The Sunday Intertitle: The Curse of “What Drink Did”

IF YOU WATCH THIS FILM, YOU WILL DIE!

“A thoughtful moral lesson.”

A lot of nonsense is talked about “The Curse of THE EXORCIST” or “The Curse of SUPERMAN”, proving generally that you can make any series of unfortunate coincidences look sinister. But here’s a movie tale surely no skeptic can gainsay. Of all those who worked on D.W. Griffith’s 1909 morality play, WHAT DRINK DID, not a single one survives…

Griffith himself died in 1948, a mere 39 years after helming this film, victim of a cerebral hemorrhage. He was just seventy-three years old. Star Florence Lawrence committed suicide in 1938, no longer buoyed up by her amusing stage name. The film’s lead drunkard, David Miles was dead just six years after completing his role, under mysterious circumstances which even the internet Movie Database has been unable to uncover. Some might find this suspicious. I do.

Child star Gladys Egan, AKA “Little Gladys,” perished in 1997, her career long over — nobody thought to offer adorable moppet roles to a ninety-one-year-old. Way down the cast, we find Mary Pickford, who went on to become “America’s Sweetheart,” one of the greatest box-office sensations of the age and a founding member of United Artists, but even that could not save her — she died in 1979, aged 87, eerily enough, from a cerebral hemorrhage. Her body was buried and her house was demolished.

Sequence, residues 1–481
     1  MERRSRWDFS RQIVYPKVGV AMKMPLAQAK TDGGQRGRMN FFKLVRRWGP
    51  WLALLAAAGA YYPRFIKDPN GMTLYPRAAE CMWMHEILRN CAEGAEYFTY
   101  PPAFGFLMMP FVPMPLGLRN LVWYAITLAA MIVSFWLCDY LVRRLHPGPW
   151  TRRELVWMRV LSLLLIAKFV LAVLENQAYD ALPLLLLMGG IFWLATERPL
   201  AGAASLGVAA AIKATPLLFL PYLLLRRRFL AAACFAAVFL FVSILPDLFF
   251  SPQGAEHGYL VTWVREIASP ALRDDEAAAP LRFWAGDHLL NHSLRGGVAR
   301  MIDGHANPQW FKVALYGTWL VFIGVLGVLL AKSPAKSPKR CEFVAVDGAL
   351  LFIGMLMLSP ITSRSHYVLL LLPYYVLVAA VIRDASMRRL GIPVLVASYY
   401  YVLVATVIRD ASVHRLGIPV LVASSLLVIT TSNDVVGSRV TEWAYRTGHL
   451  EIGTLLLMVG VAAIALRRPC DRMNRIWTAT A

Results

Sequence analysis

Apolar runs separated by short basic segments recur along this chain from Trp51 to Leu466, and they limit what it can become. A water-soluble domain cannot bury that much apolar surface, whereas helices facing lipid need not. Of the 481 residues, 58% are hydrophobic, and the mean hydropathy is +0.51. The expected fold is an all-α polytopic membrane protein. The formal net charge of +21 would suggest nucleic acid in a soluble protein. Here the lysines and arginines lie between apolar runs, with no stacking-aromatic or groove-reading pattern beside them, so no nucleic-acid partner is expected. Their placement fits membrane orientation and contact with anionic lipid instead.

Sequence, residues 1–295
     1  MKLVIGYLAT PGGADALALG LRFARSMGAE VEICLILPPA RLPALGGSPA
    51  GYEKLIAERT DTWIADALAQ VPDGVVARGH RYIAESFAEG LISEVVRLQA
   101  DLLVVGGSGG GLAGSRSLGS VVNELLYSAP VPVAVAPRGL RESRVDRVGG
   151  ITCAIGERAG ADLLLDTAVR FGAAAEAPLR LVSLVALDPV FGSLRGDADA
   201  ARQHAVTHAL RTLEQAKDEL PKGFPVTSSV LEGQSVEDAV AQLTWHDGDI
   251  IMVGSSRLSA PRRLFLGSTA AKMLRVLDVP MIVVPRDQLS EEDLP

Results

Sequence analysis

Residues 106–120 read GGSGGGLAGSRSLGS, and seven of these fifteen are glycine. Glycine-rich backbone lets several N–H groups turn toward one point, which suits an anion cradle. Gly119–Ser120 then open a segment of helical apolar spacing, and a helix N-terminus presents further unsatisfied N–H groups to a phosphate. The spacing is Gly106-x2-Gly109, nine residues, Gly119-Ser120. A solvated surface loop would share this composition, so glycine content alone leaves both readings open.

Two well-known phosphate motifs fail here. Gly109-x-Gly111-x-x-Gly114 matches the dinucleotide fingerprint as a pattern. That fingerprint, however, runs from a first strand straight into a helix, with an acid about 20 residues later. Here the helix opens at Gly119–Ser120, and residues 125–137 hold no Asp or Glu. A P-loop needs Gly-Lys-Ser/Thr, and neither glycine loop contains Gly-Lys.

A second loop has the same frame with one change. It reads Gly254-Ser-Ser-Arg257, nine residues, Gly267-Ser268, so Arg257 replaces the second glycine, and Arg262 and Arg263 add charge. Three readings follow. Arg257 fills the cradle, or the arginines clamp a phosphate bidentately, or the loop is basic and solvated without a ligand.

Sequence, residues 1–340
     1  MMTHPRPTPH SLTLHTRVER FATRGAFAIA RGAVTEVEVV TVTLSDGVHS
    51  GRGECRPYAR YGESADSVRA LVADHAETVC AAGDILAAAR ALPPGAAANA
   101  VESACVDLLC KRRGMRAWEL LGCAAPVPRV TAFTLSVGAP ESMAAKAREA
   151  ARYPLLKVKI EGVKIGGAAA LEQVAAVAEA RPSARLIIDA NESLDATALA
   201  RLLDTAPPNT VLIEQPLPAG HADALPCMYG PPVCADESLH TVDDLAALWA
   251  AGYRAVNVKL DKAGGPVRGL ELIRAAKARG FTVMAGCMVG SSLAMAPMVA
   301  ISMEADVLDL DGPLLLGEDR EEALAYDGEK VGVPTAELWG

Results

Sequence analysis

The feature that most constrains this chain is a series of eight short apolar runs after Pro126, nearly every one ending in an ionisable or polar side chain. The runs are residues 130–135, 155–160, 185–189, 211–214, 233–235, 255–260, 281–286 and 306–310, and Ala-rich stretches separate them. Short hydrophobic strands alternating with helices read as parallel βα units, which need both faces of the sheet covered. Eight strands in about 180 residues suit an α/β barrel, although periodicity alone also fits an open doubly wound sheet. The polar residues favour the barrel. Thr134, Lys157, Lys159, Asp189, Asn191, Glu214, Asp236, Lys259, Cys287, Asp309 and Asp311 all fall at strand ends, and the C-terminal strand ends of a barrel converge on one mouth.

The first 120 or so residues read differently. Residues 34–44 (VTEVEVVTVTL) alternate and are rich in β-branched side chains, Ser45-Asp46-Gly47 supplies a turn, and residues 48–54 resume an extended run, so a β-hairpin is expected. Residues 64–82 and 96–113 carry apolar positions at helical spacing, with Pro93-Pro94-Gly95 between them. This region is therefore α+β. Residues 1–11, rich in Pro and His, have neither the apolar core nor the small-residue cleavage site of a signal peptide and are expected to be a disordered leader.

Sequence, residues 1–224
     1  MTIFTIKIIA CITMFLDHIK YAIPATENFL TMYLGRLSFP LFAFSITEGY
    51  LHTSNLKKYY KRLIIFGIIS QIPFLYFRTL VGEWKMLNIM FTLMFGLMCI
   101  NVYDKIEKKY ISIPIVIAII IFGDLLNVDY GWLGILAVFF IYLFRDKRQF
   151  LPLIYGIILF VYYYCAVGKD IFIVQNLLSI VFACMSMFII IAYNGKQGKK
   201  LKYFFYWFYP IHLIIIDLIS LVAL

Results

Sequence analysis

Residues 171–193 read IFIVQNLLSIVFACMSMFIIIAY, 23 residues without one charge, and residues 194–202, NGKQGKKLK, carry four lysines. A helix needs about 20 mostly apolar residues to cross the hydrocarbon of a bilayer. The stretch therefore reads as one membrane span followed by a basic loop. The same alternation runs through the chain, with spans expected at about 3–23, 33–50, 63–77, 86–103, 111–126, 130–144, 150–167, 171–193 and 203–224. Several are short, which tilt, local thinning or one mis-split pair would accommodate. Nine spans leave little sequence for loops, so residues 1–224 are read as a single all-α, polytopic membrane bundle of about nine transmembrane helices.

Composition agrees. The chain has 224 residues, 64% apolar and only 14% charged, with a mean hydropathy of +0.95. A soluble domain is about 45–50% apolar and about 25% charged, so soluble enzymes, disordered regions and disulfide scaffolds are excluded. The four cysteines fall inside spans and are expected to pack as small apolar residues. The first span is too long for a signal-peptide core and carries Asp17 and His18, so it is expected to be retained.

Another bit player, Mack Sennett, became a famed producer of slapstick comedies at the Keystone company and received an honorary Oscar, only to die at the comparatively youthful age of eighty.

More sinisterly still, bartender John R Cumpson was slain by diabetes and pneumonia in 1914, just five years after his role in this blighted picture, and another of the movie’s bartenders, Arthur V. Johnson, succumbed to tuberculosis just two years later. extra Flora Finch fell prey to a streptococcus infection in 1940, and “workman” Owen Moore had a fatal heart attack the previous year.

Coincidence? I think not.

You may smile (“I think they’re smiling, Gary”), but do you have the courage to watch the film? I tell you, this curse is attached not just to the poor doomed cast and crew, but also to the audience. Everyone who watches this film will die.

Eventually.

“Mr Goldwyn, I hate to tell you, but of all the people who ever lived on this earth, not one of them ever had a happy ending.” Dorothy Parker.

About these ads

11 Responses to “The Sunday Intertitle: The Curse of “What Drink Did””

  1. La Faustin Says:

    “Drink Shot My Child”?

    I didn’t realize the National Rifle Association was active in 1909.

  2. The fatal shot… of whiskey.

    Guns don’t kill people, booze kills people! Well, of course booze DOES kill people, but not if used correctly. The firearm would seem to be the more decisive element in this little tragedy.

    Oh, watch out for the Biograph logo cunningly hidden in the set (as an assertion of copyright and a guard against print piracy). I’m grateful to David Bordwell for that info.